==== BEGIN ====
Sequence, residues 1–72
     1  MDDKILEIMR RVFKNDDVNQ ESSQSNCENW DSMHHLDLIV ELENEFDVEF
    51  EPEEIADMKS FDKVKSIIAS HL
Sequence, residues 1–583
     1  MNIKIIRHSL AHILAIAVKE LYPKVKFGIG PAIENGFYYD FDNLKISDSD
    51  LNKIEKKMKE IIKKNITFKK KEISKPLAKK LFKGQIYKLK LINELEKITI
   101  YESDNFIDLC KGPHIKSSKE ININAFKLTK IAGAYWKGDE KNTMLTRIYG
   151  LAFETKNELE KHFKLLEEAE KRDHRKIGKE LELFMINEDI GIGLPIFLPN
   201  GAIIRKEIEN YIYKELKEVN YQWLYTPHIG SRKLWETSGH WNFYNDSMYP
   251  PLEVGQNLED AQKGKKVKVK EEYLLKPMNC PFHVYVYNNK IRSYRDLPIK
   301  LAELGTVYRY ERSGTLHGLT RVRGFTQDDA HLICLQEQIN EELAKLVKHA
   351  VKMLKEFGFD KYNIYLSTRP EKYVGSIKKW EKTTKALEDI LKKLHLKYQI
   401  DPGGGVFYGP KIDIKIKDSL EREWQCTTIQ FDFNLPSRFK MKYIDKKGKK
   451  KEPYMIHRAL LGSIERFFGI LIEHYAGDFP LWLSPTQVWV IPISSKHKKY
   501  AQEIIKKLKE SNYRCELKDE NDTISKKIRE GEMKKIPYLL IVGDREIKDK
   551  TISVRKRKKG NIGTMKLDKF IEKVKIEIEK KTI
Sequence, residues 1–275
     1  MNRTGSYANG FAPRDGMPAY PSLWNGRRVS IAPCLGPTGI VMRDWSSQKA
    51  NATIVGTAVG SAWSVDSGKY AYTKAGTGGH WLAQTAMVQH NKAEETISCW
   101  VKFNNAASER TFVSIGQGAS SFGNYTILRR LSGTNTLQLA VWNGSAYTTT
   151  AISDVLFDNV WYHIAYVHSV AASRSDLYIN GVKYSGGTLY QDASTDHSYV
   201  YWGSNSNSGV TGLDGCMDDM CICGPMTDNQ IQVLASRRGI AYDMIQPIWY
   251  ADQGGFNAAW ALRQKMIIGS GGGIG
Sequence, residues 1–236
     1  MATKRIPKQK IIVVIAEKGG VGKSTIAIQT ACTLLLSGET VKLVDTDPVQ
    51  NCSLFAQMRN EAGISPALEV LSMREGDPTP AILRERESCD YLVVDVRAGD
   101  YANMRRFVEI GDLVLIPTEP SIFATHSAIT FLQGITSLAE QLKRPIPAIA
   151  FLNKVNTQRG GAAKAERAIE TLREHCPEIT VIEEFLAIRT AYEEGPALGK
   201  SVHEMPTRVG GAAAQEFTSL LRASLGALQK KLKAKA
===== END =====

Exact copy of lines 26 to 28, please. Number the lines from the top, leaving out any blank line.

    51  NCSLFAQMRN EAGISPALEV LSMREGDPTP AILRERESCD YLVVDVRAGD
   101  YANMRRFVEI GDLVLIPTEP SIFATHSAIT FLQGITSLAE QLKRPIPAIA
   151  FLNKVNTQRG GAAKAERAIE TLREHCPEIT VIEEFLAIRT AYEEGPALGK